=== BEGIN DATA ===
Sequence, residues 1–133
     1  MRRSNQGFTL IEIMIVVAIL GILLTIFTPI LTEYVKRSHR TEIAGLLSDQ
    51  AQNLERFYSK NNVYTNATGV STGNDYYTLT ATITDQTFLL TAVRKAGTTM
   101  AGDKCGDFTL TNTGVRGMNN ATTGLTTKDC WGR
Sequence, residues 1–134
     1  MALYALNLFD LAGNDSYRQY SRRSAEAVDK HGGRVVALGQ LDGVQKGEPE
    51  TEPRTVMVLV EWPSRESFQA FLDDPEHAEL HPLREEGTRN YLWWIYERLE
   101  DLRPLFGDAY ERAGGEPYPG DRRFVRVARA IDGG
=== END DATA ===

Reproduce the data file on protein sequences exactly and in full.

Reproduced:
Sequence, residues 1–133
     1  MRRSNQGFTL IEIMIVVAIL GILLTIFTPI LTEYVKRSHR TEIAGLLSDQ
    51  AQNLERFYSK NNVYTNATGV STGNDYYTLT ATITDQTFLL TAVRKAGTTM
   101  AGDKCGDFTL TNTGVRGMNN ATTGLTTKDC WGR
Sequence, residues 1–134
     1  MALYALNLFD LAGNDSYRQY SRRSAEAVDK HGGRVVALGQ LDGVQKGEPE
    51  TEPRTVMVLV EWPSRESFQA FLDDPEHAEL HPLREEGTRN YLWWIYERLE
   101  DLRPLFGDAY ERAGGEPYPG DRRFVRVARA IDGG